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Governor Newsom urges local water agencies and associations to continue driving conservation efforts and provide more real-time data on water usage

SACRAMENTO – Governor Gavin Newsom today convened local water leaders for the second time in recent months to call for their continued action to drive down urban water use and help Californians make permanent changes to adapt to a hotter and drier future. Preliminary numbers that reflect 95 percent of the population show that Californians cut back on water use by 7.5 percent overall in June this year compared to June 2020. The increase in conservation comes a month after Governor Newsom directly called on local water leaders to step up their work to ensure all Californians are doing their part to save water.

Click here for b-roll of the Governor’s meeting with local water leaders.

At the meeting, the Governor again urged leaders of the state’s largest urban water suppliers to continue local efforts to cut back water usage in the face of limited supplies due to extreme heat and dry weather. He also underscored the urgency of reporting monthly water use data as quickly as possible so the state can more effectively monitor progress in real time.

Governor Newsom asked water agencies and associations to also think beyond immediate water conservation needs as the state – and the entire West – navigate a hotter and drier environment driven by climate change.

“We are dealing with a changed climate in California that demands we reimagine not just how we use water, but how we capture, store and distribute it throughout the state,” said Governor Newsom. “We are heading in the right direction but we need local water providers to do more to not only save water, but to help the state manage and increase supply as rain and snowfall become less reliable.”

The Governor convened the first meeting of local water leaders in May as water usage data showed Californians were using more water, despite requests to cut back. At that meeting, Governor Newsom called on water agencies to step up efforts to reduce water use amid extreme drought conditions.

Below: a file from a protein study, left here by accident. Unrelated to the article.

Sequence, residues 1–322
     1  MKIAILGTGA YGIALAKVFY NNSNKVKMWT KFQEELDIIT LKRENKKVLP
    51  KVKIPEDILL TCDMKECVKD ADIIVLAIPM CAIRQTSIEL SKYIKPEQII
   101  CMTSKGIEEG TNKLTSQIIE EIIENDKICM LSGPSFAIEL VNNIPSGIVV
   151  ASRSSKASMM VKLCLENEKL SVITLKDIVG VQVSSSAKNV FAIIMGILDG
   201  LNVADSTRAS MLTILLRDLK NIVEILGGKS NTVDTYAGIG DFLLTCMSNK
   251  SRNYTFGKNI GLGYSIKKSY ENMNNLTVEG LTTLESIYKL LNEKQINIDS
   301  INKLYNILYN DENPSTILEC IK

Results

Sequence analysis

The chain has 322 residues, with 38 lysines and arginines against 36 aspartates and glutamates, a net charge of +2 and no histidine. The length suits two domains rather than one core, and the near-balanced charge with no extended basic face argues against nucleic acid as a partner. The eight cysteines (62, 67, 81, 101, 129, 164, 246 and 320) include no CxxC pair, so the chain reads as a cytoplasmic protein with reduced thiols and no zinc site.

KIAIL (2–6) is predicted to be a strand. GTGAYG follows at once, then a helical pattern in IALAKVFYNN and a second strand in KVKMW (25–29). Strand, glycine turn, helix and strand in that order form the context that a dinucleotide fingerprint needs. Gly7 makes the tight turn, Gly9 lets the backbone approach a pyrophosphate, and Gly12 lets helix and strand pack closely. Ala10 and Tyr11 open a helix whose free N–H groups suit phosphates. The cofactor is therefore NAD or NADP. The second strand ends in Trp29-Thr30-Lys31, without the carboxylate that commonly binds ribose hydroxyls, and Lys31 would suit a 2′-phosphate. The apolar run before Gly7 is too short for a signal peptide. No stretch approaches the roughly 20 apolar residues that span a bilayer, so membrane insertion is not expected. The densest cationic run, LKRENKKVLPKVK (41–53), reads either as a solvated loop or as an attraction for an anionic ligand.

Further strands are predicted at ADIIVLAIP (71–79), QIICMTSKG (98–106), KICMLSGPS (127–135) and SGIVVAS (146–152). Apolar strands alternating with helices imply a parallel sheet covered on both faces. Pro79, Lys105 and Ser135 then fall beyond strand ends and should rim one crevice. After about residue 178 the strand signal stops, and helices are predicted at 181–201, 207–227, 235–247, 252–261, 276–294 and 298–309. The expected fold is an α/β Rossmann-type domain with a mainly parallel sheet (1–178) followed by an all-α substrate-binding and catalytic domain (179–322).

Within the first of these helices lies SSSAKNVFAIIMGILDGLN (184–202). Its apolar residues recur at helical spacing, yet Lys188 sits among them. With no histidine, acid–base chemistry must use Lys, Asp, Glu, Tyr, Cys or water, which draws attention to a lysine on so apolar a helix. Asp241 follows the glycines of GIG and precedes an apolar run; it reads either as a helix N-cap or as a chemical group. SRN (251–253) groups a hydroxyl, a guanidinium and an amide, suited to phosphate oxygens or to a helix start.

Since then, at the Governor’s direction, local water agencies serving every urban area of California have enacted plans to reduce water use. In June, a statewide prohibition on watering non-functional turf in commercial and industrial settings took effect. The ban is expected to save between 156,000 acre-feet and 260,000 acre-feet per year, the equivalent of water used by 780,000 households in a year.



Governor Newsom convenes local water leaders in Sacramento

The climate crisis has resulted in weather changes that have altered the water supply across the western United States. The West is experiencing some of the driest conditions ever recorded. January through March were the driest first three months in the state’s recorded history, and the state’s largest reservoirs are currently at less than half of their historical averages.

This year’s budget provides an additional $2.8 billion over multiple years to support drought resilience and response, including $1.5 billion that will be allocated in the summer after additional discussions with the Legislature. These investments build on the previous $5.2 billion three-year investment in the state’s drought response and water resilience through the California Comeback Plan (2021).

The state is calling on Californians to take immediate action to avoid a crisis, including:

  • Limiting outdoor watering – cutting back by even just one day a week can save you up to 20 percent more water.
  • Taking shorter showers. Going to a 5-minute shower to save up to 12.5 gallons per shower when using a water-efficient shower head.
  • Taking showers instead of baths – a bath uses up to 2.5 times the amount of water as a shower.
  • Using a broom instead of a hose to clean outdoor areas to save 6 gallons of water every minute.
  • Washing full loads of laundry to save 15-45 gallons of water per load.

More water-saving tips can be found at saveourwater.com. For the latest on the state’s drought response, please visit drought.ca.gov.

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